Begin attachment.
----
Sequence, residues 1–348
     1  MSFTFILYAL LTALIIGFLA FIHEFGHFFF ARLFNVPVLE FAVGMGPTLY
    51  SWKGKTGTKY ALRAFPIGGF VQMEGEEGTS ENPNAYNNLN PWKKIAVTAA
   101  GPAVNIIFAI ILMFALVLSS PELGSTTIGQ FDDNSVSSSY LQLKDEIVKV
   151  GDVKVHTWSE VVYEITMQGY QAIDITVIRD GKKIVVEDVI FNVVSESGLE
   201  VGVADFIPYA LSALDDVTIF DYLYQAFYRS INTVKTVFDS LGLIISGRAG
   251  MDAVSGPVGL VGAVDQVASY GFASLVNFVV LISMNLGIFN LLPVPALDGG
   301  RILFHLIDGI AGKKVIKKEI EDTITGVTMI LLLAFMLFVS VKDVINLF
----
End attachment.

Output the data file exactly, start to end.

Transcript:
Sequence, residues 1–348
     1  MSFTFILYAL LTALIIGFLA FIHEFGHFFF ARLFNVPVLE FAVGMGPTLY
    51  SWKGKTGTKY ALRAFPIGGF VQMEGEEGTS ENPNAYNNLN PWKKIAVTAA
   101  GPAVNIIFAI ILMFALVLSS PELGSTTIGQ FDDNSVSSSY LQLKDEIVKV
   151  GDVKVHTWSE VVYEITMQGY QAIDITVIRD GKKIVVEDVI FNVVSESGLE
   201  VGVADFIPYA LSALDDVTIF DYLYQAFYRS INTVKTVFDS LGLIISGRAG
   251  MDAVSGPVGL VGAVDQVASY GFASLVNFVV LISMNLGIFN LLPVPALDGG
   301  RILFHLIDGI AGKKVIKKEI EDTITGVTMI LLLAFMLFVS VKDVINLF